You may have heard of the “Five Parts of Physical Fitness” before – but there are actually 11 components of what a coach evaluates when assessing the physical fitness of an athlete.
3. Body Composition
4. Cardiovascular Endurance
7. Muscular Endurance
8. Muscular Strength
10. Reaction Time
We use these components of physical fitness in our everyday lives, but the first true test of each of these measures typically comes by way of high school sports. Strength coaches help their athletes with endurance, strength, power and balance. Conditioning coaches help their athletes with cardiovascular endurance, reaction time, coordination and agility. All coaches typically impact an athletes body composition, flexibility and speed.
The one coach who assists the athletes with all of the above, however, is the athletic trainer. Day or night, when there is a ball game, a wrestling tournament, a track meet, or even at power puff flag football; the athletic trainer stands ready to help the athletes prevent accidents, stay hydrated, and in worst-case scenarios; diagnose and treat injuries as they occur. Oftentimes their hard work is overshadowed by the gameplay itself, but when a player goes down these coaches show their true value by coming to the immediate aide of all involved. Humbly waiting in the shadows of the sidelines, the athletic trainer answers the call that no one else would ever want to.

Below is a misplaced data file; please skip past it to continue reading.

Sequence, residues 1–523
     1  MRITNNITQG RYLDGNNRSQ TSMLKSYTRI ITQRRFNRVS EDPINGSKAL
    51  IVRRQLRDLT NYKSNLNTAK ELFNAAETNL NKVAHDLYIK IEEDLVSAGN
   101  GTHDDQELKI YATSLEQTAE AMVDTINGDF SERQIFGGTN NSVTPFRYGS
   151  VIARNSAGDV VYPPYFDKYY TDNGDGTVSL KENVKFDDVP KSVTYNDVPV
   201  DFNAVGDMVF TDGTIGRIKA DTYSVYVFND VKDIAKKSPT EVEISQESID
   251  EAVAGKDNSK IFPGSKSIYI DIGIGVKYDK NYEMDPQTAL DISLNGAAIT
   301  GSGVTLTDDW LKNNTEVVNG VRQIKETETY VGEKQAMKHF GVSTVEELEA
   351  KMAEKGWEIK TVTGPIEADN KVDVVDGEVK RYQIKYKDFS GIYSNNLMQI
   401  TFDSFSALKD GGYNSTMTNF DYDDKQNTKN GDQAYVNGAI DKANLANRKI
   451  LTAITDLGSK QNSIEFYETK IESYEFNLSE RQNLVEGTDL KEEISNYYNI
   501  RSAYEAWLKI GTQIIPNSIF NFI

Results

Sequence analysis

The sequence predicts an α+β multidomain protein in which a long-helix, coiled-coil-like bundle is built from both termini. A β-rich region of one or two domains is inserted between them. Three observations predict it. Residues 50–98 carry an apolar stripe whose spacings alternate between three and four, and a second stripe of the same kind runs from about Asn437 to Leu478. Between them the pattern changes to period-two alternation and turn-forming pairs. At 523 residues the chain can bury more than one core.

Fannin County High School’s head athletic trainer is Jeremy Keith King, a 2007 FCHS graduate who went on to study Sports Medicine with an emphasis in Athletic Training at Valdosta State University. Coach King graduated with his Bachelor of Science degree in 2011 and after completing his internship at Northeast Medical Center/The Rehabilitation Institute in Gainesville, Ga, he began his career at Fannin County High School.
In 2013, he was hired as the Head Athletic Trainer for FCHS, and he was offered a full time teaching position in Healthcare Science.
When asked about his experience, King shared that he’s worked closely with multiple doctors, chiropractors, physical therapists and EMT’s; as well as many other sports medicine professionals. “To come home to my high school and serve as the head athletic trainer and instructor of the Sports Medicine program is a dream come true for me,” King told TeamFYNSports.